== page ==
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User talk:Abd/Lomax v. WikiMedia Foundation/Reply to Opposition to Motion to Dismiss

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They talk about other cases being distinguishable[edit]

That just means it's an opportunity to set a new precedent. 13:09, 7 September 2019

You can always find similarities and differences between cases. Noonan v. Staples was based on understood principles, and Noonan II showed that the basis for suspecting malice need not be strong at the complaint stage. It must merely be plausible. It is not necessary to prove a claim in the Complaint. Their defense against defamation through the ban report is this:
  • 1. It was true. He was actually banned, therefore it is true and truth is an absolute defense against defamation.
  • 2. We have the right to ban anyone for any reason, and are protected by Section 230.
  • 3. Okay, in Massachusetts, truth is an absolute defense unless there is actual malice. But there is no reason to suspect malice, we treat all banned users the same, we did not single him out.

As to (1) the statement was literally true, but their policy and practice indicates that they don't ban without very strong cause. Therefore, to the public (and especially in the spreading of defamation over this, it's pointed out), a WMF global ban must represent a dangerous person, proving what the Rats have been claiming. So the "statement" includes what it implies, that they carefully investigated and there were serious violations. It must be serious because the WMF very rarely bans even with quite offensive behavior. It must be repeated, generally. I was told by a WMF board member that there was no chance of a ban based on what I had actually done. So the investigation was defective, and in Doe v. Amherst, what turned that case into one that Amherst apparently settled was a revelation that the investigation was badly flawed. So in this case, to discover the truth of this will require discovery. But I know I didn't do anything banworthy.

As to (2) they do have that right, at least the interpretation of Section 230 has gone that way. Challenging that is beyond my pay grade. It's possible with a class action, I suspect, but the issues are difficult. And there isn't any money in it. It would be a claim under the Terms of Use, so there are a number of barriers. Section 230 does not protect them for content that they originate themselves.

As to (3) I'm arguing that all the ban announcements are defamatory, not just mine, and that behind this is a generalized malice against anyone who would disrupt the project or promote dangerous or unpopular ideas. That they would choose to protect, rightly or wrongly, is not malicious. But publication may be. They claim to protect the privacy of complainants, but show no concern for the privacy of alleged offenders.

The standards for malice in this case are for common-law malice, not the stronger standards involved with defamation claims against public figures.

Without knowing the nature of the complaints, I cannot know for sure if there was malice. I suspect it.

As to the conspiracy, there clearly was a conspiracy, the evidence for that is strong, certainly strong enough for a claim. Did the WMF join the conspiracy? Again, a judgment of that probably requires discovery. They aided and abetted the conspiracy. To what extent are they responsible for that? I don't know, but I hope to find out. They definitely set up a complaint/response system that was vulnerable to abuse by a conspiracy, i.e., multiple complainants. This is not surprising! But this is why an alleged harasser should have some opportunity to counter evidence; this could be done through a neutral arbitrator to protect privacy. But the WMF provides no process and no possibility of a process.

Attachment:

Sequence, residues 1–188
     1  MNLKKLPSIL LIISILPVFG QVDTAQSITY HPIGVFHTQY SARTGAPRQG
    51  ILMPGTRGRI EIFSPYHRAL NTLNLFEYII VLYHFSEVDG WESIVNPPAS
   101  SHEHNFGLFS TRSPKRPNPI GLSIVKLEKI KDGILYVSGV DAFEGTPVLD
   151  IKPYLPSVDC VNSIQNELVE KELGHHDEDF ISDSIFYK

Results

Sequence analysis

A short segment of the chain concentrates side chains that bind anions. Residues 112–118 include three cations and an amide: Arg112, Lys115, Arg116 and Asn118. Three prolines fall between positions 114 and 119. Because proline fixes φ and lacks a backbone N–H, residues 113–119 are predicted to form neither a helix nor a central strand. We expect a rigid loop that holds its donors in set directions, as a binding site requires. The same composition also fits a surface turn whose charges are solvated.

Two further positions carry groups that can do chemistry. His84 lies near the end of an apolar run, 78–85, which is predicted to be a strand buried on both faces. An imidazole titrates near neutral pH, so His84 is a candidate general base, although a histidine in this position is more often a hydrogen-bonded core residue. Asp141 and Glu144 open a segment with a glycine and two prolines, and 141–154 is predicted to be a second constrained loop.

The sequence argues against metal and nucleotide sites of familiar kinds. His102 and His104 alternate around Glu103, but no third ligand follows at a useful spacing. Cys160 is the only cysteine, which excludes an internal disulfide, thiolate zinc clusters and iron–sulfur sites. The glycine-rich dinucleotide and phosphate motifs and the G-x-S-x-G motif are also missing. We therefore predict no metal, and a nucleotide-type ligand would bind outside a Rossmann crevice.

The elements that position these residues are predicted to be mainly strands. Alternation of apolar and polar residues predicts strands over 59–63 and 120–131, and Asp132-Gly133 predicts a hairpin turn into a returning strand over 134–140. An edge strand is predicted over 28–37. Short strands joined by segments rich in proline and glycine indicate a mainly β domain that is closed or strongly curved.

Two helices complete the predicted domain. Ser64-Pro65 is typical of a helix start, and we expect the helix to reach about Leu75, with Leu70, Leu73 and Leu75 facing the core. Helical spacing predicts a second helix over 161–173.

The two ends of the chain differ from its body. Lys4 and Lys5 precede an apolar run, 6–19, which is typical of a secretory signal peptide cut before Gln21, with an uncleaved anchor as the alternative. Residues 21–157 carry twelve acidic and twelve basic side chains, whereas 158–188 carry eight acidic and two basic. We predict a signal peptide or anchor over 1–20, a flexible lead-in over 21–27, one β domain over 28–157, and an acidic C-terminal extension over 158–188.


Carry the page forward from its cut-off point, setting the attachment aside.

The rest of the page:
In the Reply, they raise a series of irrelevancies, attempting to disparage me and the complaint. I think the WMF is pushing them hard, desperate to avoid the case going forward. "Do Something!!!" --Abd (talk) 00:44, 8 September 2019 (UTC)

Neil Gorsuch has written a new book (coming out tomorrow) where he talks about how the justice system is failing to serve litigants well, because lawyers are too expensive, it takes too long to get to trial, and few litigants ever actually get the jury trials that are guaranteed by the Constitution.
The longer these cases drag out, the worse it is for everyone, because it delays getting closure. It's better for the winning side to speedily get whatever "justice" they have coming to them, and for the losing side to go ahead and get their "injustice" so they can start licking their wounds (or succumb to the accumulated wounds, whichever it's going to be). Either way, it gets it over with. 16:24, 9 September 2019 (UTC)
We see this in many areas. The way we do things developed under different conditions, and the consequences were not always anticipated well. Great example is the electoral college. It was actually a brilliant idea, but not quite complete, and the lack of completion and the development of the party system corrupted it, yet it became almost impossible to change, and most people wanting to change it want direct election of the President, which would be just as much of a problem, it all makes our leadership vulnerable to the influence of money. Rather, the electoral college in concept was brilliant! It is known how to create full representation of the public in an assembly, and it has been known since the 19th century, but we still don't use the methods in our assemblies, anywhere.
Even the alternatives to present judicial process have become unaffordable. Who is actually working on solutions? --Abd (talk) 11:59, 10 September 2019 (UTC)